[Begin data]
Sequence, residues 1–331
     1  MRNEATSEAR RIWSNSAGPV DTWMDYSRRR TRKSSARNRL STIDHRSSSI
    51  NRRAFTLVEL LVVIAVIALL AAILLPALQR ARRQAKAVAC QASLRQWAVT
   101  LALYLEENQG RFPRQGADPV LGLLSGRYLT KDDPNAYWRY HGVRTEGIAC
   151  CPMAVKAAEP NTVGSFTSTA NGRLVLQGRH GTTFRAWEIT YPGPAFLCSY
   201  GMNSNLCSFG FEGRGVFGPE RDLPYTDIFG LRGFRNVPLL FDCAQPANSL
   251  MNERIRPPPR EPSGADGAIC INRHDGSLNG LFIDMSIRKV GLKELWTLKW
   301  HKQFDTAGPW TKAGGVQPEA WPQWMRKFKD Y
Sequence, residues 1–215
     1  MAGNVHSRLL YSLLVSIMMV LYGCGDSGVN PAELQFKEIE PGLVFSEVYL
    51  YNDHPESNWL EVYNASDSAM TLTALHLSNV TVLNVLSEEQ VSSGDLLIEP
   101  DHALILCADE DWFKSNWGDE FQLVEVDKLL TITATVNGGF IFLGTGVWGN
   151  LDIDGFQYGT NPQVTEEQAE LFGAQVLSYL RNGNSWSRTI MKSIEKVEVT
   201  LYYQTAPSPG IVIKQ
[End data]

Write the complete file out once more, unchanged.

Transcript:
Sequence, residues 1–331
     1  MRNEATSEAR RIWSNSAGPV DTWMDYSRRR TRKSSARNRL STIDHRSSSI
    51  NRRAFTLVEL LVVIAVIALL AAILLPALQR ARRQAKAVAC QASLRQWAVT
   101  LALYLEENQG RFPRQGADPV LGLLSGRYLT KDDPNAYWRY HGVRTEGIAC
   151  CPMAVKAAEP NTVGSFTSTA NGRLVLQGRH GTTFRAWEIT YPGPAFLCSY
   201  GMNSNLCSFG FEGRGVFGPE RDLPYTDIFG LRGFRNVPLL FDCAQPANSL
   251  MNERIRPPPR EPSGADGAIC INRHDGSLNG LFIDMSIRKV GLKELWTLKW
   301  HKQFDTAGPW TKAGGVQPEA WPQWMRKFKD Y
Sequence, residues 1–215
     1  MAGNVHSRLL YSLLVSIMMV LYGCGDSGVN PAELQFKEIE PGLVFSEVYL
    51  YNDHPESNWL EVYNASDSAM TLTALHLSNV TVLNVLSEEQ VSSGDLLIEP
   101  DHALILCADE DWFKSNWGDE FQLVEVDKLL TITATVNGGF IFLGTGVWGN
   151  LDIDGFQYGT NPQVTEEQAE LFGAQVLSYL RNGNSWSRTI MKSIEKVEVT
   201  LYYQTAPSPG IVIKQ